By Omar Bah
The leader of the Gambia Moral Congress, Mai Fatty, has for the first time made a direct request to President Adama Barrow to tell Gambians why he removed him as Interior Minister.
Fatty was removed from the influential Interior Minister post last November without any explanation from the Office of the President, fueling speculations as to what had happened.
“This is people’s government; when a cabinet minister or any person of authority is removed from position people have the right to know. And I too want to know why I was sacked,” Fatty told The Standard in an exclusive interview yesterday.
He went on: “I received a letter that relieved me from my responsibility but the letter did not state why but I took note of what the president said in his press conference when he was asked about it. He said I was relieved in the interest of the nation. Well it is up to the president to say what national interest he was serving when he relieved me because I do not know. But I think the public has a right to know. So it is imperative for the president to tell Gambians what particular national interest was so necessary and fundamental that I had to be removed. I am still baffled and confused; I also believe I deserve an explanation.”
Fatty said when he first heard the President saying he removed him in the interest of the nation, he was confused and angry.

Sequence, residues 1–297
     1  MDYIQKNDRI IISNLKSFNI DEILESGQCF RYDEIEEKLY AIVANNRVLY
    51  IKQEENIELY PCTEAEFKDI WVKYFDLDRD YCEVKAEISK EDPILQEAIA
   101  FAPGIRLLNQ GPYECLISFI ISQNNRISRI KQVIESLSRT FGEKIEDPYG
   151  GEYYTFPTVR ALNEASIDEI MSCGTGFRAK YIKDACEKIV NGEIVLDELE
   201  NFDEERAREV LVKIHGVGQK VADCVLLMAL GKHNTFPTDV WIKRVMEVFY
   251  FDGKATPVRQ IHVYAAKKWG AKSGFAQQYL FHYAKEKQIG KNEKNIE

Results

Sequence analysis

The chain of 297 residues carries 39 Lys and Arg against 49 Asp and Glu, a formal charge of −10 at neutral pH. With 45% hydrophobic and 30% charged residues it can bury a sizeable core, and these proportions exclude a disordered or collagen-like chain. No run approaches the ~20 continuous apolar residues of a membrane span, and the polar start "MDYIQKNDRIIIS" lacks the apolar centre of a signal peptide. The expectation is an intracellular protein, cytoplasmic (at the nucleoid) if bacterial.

He added that he is not happy with that vague statement and believed both him and the Gambian people need to know why.
“They said I stole money but which money? I am not an accounting officer. The Ministry of the Interior had no money when we came in and I was not involved in any situation where I can lay my hands on public funds and I am not involved in procurement either. They talked about Semlex but when I was there, Semlex was not awarded a contract; it was after I left. If it was because of Semlex I was removed, they would not have been awarded a contract,” Fatty said.
He went on to say that the best thing Barrow should have done to avoid public speculation is to deny Semlex a contract. “Because if he did that, people would say it is true Mai Fatty was trying to give them a contract so when he was removed they were denied contract.
“But now rightly or wrongly, people would continue to speculate. You remove Mai and go ahead to sign a contract with Semlex,” Fatty argued.
Mai repeated his position that he is not aware of any wrongdoing during his tenure as minister that would warrant him to be relieved from responsibility.
Asked whether he would accept to work for the government if his services are needed, Fatty responded: “I never thought of getting back to government. I am thinking that Barrow would not want me back. If he does, it will be a big shock to me. The reason is, I was removed without any reason; so I do not think he would want me back. But maybe, if he is not proud, he may think along those lines.”